By Julianna Baggott. Grand Central Publishing. 448 pages. $25.99
Reviewed by Gena Chattin
GENA CHATTIN is a freelance writer from Bristol now living in New Orleans.
Julianna Baggott’s “Pure” seems to have been heavily influenced by “The Hunger Games.” It is the opening shot in a post-apocalyptic trilogy that, while not marketed as young adult fiction, certainly feels like it.
Our heroes are teenage male and female protagonists searching for family lost after “detonations” turned the world into a post-nuclear nightmare. It is a broken future where places like Baltimore and D.C. are memories that may never have actually existed.
The government is a sinister entity encased in a biodome that no one ever enters or leaves. Outside, survivors of the detonations have mutated beyond recognition. Survivors are fused with inanimate objects, animals, other human beings, or the ground itself. Military forces do not serve or protect but seemingly run amok shooting survivors for sport.
Setting a story in a post-nuclear America where geography and even the laws of science have changed takes a lot of work. One of the story’s greatest handicaps is that far too many chapters are spent establishing the setting before the plot becomes clear. Repetitive descriptions of clockwork creatures and the monsters created by the fusions become tiresome the longer it takes to find out why the author has chosen to show them to us.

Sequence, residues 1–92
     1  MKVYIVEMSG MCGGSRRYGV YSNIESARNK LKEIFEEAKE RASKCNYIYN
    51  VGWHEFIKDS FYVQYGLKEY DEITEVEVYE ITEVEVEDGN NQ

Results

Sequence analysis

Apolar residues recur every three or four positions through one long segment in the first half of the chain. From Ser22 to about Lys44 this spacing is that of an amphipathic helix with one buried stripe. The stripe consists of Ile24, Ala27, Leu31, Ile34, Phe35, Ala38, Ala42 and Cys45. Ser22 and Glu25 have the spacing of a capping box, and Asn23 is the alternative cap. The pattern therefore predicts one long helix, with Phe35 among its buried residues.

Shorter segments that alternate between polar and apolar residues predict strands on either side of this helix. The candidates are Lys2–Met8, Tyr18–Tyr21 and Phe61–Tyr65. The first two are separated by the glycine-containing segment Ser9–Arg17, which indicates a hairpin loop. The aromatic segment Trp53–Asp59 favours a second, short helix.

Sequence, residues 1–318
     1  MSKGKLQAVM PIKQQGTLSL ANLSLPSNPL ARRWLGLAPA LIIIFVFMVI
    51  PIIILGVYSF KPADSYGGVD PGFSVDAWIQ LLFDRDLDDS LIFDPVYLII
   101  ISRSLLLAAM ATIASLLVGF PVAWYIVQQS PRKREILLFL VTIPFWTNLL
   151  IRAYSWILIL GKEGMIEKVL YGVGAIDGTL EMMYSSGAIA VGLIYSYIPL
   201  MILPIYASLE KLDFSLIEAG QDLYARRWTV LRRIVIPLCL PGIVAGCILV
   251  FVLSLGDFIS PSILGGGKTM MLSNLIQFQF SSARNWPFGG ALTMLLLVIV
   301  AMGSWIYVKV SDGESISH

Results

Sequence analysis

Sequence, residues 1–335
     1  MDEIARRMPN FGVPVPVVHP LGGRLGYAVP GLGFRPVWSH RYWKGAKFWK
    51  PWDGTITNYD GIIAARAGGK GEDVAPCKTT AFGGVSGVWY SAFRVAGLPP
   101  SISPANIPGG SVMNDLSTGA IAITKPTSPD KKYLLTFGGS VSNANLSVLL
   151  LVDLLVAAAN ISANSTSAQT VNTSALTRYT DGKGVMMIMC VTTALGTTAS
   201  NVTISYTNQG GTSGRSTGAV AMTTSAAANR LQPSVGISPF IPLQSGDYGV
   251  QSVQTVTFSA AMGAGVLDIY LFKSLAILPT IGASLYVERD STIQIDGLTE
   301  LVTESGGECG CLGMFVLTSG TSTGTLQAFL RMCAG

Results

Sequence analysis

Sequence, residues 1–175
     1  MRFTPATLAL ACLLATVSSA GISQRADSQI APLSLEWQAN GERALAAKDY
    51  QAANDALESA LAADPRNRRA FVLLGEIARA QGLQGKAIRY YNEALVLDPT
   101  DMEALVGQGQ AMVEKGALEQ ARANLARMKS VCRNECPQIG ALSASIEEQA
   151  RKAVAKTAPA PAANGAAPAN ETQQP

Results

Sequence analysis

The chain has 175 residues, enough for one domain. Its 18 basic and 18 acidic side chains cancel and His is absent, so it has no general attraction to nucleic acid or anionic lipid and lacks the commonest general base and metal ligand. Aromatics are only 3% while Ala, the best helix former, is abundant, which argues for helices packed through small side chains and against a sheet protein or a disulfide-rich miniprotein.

This places too much weight on the characters to carry the story in those early pages. It is easy to identify with Partridge, the male protagonist, inside the Dome. His world still resembles ours, and the reader can learn alongside him about the horrors outside. Shifting to the female protagonist’s perspective, however, all but undoes this. Pressia is far too precious for the world Baggott has created— described so daintily and childlike that it comes as a shock to learn she is actually in her mid-teens. Perhaps it was Baggott’s intention to present a stunted character, but the portrayal does a disservice to an otherwise serious and poignant plot.
Narrative style is also problematic. “Pure” shares “The Hunger Games’ ” present tense narration, which can be distracting without necessarily drawing readers into the action. Additionally, chapters alternate between viewpoints. The Pressia point-of-view chapters take place outside the Dome and offer so little for readers to latch onto that it is sometimes difficult to get through them.
Baggott has created a fascinating world, but this world detracts from her characters, and vital emotional beats fall flat. “Pure” lacks the rich personalities and connection to the audience that has made “The Hunger Games” so successful, and the portion of the story arc completed in this installment is unsatisfying. It will be interesting to see if later installments in the series improve these faults. Baggott has created a world worth seeing, but her efforts could be improved by more interesting tour guides.